Labour party File 1 here
Minister of Social Development and Employment Ruth Dyson, is undoubtedly one of Prime Minister Helen Clark’s very tight inner circle.
Through most of the 1980s, through the early 1990s, the New Zealand Labour Party was unofficially allied to the SUP-led at the time by the country’s top trade unionist, CTU president Ken Douglas.
Former KGB officer Oleg Gordievsky, in his 1990 history of the KGB, alleged that New Zealand and Australian communists were being “run” by the International Department of the Communist Party of the Soviet Union. He said “I know the situation in New Zealand very well; only 500 members (the Socialist Unity Party) but they are invaluable because each was ready to do something. It was like the KGB had 500 agents in the country.”
Gordievsky added “plus some of them penetrated the trade unions,… and then they penetrated the left wing of the Labour Party”
By the early ’80s The SUP had gained control of the Federation of Labour and almost all New Zealand’s major unions, especially in the Engineering, Dairy, Hotel and transport industries. These unions were affiliated to the Labour Party and enjoyed block voting rights at Labour Party conferences. Every financial member of an affiliated union was counted as a member of the Labour Party.
This gave affiliated unions thousands of votes each, which if coordinated properly guaranteed the SUP’s ability to influence the make up of Labour’s executive and policy council.
The SUP took advantage of this system to devastating effect. Since the mid ’80s the majority of Labour Party senior officials were SUP sympathisers or in some cases secret members. By the late 1980s SUP supporters had become the leading power bloc in the Labour Party.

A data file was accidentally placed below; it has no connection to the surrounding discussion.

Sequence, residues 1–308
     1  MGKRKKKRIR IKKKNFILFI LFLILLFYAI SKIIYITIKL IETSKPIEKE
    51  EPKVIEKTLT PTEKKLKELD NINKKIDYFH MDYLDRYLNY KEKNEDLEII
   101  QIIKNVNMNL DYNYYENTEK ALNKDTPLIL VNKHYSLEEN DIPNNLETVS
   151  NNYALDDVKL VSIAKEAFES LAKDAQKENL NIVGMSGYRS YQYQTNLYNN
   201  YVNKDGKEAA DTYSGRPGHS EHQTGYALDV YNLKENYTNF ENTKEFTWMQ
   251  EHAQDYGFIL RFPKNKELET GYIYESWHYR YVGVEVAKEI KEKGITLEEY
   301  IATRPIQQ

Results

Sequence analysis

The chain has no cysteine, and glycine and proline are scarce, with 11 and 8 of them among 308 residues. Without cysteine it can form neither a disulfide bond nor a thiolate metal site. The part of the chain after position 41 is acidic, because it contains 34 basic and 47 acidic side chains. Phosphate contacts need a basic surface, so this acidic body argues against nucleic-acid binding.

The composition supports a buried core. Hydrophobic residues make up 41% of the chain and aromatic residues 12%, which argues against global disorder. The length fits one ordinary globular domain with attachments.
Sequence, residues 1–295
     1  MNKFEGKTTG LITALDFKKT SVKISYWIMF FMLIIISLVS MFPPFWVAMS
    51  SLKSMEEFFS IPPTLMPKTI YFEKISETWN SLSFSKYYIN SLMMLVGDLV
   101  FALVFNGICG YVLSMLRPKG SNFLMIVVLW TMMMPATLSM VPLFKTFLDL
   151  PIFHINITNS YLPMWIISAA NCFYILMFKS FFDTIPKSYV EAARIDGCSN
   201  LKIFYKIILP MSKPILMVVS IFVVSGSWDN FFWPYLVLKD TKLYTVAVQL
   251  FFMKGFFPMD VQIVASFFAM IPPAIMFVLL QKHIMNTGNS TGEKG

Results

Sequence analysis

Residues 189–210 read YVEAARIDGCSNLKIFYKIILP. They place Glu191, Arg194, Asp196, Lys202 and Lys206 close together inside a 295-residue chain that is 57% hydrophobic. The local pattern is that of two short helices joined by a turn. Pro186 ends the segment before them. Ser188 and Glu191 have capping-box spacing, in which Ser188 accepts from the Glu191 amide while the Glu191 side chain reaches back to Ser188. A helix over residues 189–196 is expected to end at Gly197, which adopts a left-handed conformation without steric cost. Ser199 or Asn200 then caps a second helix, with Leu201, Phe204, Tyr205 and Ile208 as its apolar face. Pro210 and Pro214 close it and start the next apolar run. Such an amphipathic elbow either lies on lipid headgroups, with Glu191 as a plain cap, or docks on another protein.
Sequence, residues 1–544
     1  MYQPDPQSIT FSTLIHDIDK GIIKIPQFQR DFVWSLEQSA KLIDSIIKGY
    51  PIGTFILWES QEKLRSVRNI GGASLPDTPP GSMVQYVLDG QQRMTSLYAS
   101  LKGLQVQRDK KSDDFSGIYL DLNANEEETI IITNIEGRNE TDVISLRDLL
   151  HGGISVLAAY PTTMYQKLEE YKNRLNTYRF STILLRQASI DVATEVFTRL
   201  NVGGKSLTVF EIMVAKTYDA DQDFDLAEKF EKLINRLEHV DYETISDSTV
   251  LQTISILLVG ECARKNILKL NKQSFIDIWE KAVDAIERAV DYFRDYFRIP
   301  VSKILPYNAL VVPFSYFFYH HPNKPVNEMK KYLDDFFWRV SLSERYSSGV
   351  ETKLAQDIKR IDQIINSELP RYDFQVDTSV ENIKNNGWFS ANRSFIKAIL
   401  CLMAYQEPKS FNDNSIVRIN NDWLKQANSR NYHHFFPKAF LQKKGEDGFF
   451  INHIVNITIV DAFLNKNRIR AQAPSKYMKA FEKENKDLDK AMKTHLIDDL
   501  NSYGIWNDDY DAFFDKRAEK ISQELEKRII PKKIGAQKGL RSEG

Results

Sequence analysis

During this period Ruth Dyson had some links to both the Socialist Unity Party and the Soviet Union.
Ruth Dyson joined the Westport branch of the Labour Party in 1979. In 1985 she moved to Wellington “to help Fran Wilde with her Homosexual Law Reform Bill.”
By 1986 Dyson was on thr Labour Party executive, becoming senior vice president in 1987. From 1988 to 1992 Ruth Dyson served as Labour’s president.
In the late 80s, Ruth Dyson was closely involved with Peter Bloor, a Wellington “industrial advocate”. Bloor was also a Labour Party member, but occasionally contributed articles to the SUP newspapet Tribune.
Dyson herself was reportedly on close terms with SUP general Secretary Marilyn Tucker, the partner of then party leader Ken Douglas.
In 1989 Dyson led a Labour Party delegation to the Soviet Union at the invitation of the Communist Party of the Soviet Union (CPSU).
The Soviets returned the favour in November 1989 when N B Bidekin, editor in chief of the CPSU’s theoreticl journal Kommunist and V P Kudenov an official of the International Department of the Central Committee of the CPSU, visited New Zealand to observe that years Labour Party conference.
Ruth Dyson and Ken Douglas proudly posed with the Soviet visitors.
Labour Party file 3 here